After a busy week, I finally got around to picking up T.A. Frank's profile of Herman Cain in this past Sunday's New York Times magazine. Read it. It is the definitive piece on the Cain phenomenon, capturing its absurdity while also trying to reckon with its very real appeal and staying power. The piece appeared the day before Cain's five-minute wipe-out on Libya policy, but it all but predicted it: "To say that Herman Cain has an imperfect grasp of policy would be unfair not only to George W. Bush in 1999 but also to Britney Spears in 1999.
The pop charts have gotten awfully crowded. There are still only ten songs in the Top Ten, although some could count as multiple songs for the way they combine elements grafted from other pieces of music. There’s nothing new or scandalous in that method, by which Lupe Fiasco employed parts of a Modest Mouse recording to make “The Show Goes On,” the number-nine hit on the Billboard singles chart this week. What’s extraordinary—in fact, unprecedented in the history of pop music—is the high number of ad hoc teams of collaborators named as artists.
Of course it’s offensive. To recognize that about the video that Kanye West released last week for his self-portrait in song, “Monster,” is to acknowledge its intent without seeing the fullness of its effect. The video was directed by Jake Nava, who is celebrated for making commercials that market glamour brands (Armani, L’Oreal) with sexy celebrities (Jessica Alba, Maria Sharapova), as well as music videos that market sexy female musicians (Beyoncé, Britney Spears, Shakira) like the glamour brands they are.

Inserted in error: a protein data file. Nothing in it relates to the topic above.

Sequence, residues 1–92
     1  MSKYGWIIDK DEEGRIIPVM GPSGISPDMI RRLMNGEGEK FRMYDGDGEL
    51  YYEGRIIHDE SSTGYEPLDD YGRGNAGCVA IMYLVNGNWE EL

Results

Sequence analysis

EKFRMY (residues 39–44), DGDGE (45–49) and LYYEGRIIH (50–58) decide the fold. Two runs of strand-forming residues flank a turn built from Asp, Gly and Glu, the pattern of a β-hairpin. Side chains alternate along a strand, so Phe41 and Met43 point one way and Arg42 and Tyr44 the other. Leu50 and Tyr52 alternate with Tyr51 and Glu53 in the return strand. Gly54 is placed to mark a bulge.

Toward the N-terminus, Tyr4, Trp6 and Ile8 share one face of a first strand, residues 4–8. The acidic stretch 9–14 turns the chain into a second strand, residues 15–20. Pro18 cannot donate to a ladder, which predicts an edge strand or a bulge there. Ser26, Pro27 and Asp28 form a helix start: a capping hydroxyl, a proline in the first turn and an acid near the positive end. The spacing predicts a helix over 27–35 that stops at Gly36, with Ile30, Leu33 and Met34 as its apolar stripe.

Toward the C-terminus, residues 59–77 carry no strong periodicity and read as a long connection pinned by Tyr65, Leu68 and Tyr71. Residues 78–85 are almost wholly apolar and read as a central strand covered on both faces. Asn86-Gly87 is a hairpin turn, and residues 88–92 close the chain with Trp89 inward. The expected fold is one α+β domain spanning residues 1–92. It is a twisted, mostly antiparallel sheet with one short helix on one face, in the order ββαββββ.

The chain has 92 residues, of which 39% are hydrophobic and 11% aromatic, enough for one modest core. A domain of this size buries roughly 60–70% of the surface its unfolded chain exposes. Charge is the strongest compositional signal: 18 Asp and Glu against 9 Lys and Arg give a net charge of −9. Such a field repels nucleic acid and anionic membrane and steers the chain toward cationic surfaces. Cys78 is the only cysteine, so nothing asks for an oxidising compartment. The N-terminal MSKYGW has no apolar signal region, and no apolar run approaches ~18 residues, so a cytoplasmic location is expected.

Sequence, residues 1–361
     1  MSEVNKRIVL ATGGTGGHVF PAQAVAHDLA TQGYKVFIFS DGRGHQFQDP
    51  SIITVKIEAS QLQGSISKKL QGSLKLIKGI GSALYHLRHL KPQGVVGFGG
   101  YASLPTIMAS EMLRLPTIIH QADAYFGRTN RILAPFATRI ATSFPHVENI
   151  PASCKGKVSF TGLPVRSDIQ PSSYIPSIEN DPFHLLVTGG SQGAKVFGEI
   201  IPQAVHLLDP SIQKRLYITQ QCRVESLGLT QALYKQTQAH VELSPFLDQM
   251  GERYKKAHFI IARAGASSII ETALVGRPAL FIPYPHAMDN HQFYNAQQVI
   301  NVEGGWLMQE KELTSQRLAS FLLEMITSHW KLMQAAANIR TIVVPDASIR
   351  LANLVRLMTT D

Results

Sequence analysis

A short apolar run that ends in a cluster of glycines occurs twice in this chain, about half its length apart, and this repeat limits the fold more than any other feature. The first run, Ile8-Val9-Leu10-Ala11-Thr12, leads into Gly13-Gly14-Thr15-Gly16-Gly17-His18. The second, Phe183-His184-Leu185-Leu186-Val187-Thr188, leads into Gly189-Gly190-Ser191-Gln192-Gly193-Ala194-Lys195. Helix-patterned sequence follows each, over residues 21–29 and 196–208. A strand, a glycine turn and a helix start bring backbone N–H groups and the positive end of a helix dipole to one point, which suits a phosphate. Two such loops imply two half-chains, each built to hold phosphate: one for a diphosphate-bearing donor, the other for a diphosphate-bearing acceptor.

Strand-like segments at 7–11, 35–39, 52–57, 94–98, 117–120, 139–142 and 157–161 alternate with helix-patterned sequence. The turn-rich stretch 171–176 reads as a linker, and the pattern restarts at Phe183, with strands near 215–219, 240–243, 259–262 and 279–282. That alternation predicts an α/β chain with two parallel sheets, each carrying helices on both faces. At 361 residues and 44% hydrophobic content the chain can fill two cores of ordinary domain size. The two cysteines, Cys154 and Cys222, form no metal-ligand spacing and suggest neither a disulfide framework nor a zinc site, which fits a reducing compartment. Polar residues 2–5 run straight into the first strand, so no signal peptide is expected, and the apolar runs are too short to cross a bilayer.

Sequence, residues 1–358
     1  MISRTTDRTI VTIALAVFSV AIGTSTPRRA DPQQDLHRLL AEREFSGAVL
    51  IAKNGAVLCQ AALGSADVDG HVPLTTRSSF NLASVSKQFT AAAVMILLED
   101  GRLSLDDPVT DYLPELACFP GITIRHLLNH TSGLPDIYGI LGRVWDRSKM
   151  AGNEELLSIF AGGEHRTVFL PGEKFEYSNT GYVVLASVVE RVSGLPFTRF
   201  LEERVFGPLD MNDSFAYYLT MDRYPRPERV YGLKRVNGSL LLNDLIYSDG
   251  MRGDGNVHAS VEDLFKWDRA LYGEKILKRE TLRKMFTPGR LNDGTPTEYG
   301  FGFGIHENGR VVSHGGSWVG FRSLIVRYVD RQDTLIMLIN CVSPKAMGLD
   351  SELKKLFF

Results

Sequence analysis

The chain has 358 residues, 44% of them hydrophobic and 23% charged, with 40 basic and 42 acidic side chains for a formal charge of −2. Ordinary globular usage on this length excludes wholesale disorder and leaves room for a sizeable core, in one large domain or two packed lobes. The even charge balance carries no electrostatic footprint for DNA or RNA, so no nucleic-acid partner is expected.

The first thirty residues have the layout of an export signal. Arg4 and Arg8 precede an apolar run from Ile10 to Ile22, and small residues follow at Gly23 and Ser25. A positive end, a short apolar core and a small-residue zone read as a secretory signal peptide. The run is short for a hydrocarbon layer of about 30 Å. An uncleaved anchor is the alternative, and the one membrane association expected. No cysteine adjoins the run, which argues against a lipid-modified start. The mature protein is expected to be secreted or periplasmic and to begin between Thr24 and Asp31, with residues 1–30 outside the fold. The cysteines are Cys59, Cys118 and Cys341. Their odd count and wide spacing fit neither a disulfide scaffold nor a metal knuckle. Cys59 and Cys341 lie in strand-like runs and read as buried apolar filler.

It's hard to be a feminist when you're drunk. It's not that drinking isn't ladylike or that women shouldn't drink at all; my point is neither meant to be puritanical nor draconian. But how true to your own ideals, principles, and sense of self can you be if one is drowning that sense of self in booze?Whenever a woman hands her power to someone else--in this case, something else, alcohol--she is less than.
On Sunday night, it seemed pretty clear that Britney Spears' performance at the MTV awards ceremony was the biggest prime-time fiasco of the week. Then came Thursday night and President Bush's Oval Office address on Iraq. At first blush, coverage of the white trash kid turned tabloid fodder and the rich kid turned good ol' boy would seem to have little in common (besides, of course, the four years of high-profile futility that followed the respective 2003 triumphs of Spears' In the Zone album and Bush's "Mission Accomplished" speech).